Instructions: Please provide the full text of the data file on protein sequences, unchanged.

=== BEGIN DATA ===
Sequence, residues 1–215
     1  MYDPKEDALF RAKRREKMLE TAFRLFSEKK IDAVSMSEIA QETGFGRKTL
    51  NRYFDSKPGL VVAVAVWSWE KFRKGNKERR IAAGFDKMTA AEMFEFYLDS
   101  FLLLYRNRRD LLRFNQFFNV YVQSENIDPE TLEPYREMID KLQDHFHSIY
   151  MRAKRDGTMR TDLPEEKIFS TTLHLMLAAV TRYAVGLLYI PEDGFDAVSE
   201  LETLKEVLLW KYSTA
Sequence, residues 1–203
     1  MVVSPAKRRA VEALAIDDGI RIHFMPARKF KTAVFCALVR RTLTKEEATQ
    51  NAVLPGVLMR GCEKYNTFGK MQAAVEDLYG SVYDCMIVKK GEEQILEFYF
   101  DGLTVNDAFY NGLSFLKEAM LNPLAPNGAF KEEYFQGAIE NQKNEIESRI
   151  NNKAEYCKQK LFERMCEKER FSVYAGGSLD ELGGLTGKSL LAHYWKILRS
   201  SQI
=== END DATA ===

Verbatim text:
Sequence, residues 1–215
     1  MYDPKEDALF RAKRREKMLE TAFRLFSEKK IDAVSMSEIA QETGFGRKTL
    51  NRYFDSKPGL VVAVAVWSWE KFRKGNKERR IAAGFDKMTA AEMFEFYLDS
   101  FLLLYRNRRD LLRFNQFFNV YVQSENIDPE TLEPYREMID KLQDHFHSIY
   151  MRAKRDGTMR TDLPEEKIFS TTLHLMLAAV TRYAVGLLYI PEDGFDAVSE
   201  LETLKEVLLW KYSTA
Sequence, residues 1–203
     1  MVVSPAKRRA VEALAIDDGI RIHFMPARKF KTAVFCALVR RTLTKEEATQ
    51  NAVLPGVLMR GCEKYNTFGK MQAAVEDLYG SVYDCMIVKK GEEQILEFYF
   101  DGLTVNDAFY NGLSFLKEAM LNPLAPNGAF KEEYFQGAIE NQKNEIESRI
   151  NNKAEYCKQK LFERMCEKER FSVYAGGSLD ELGGLTGKSL LAHYWKILRS
   201  SQI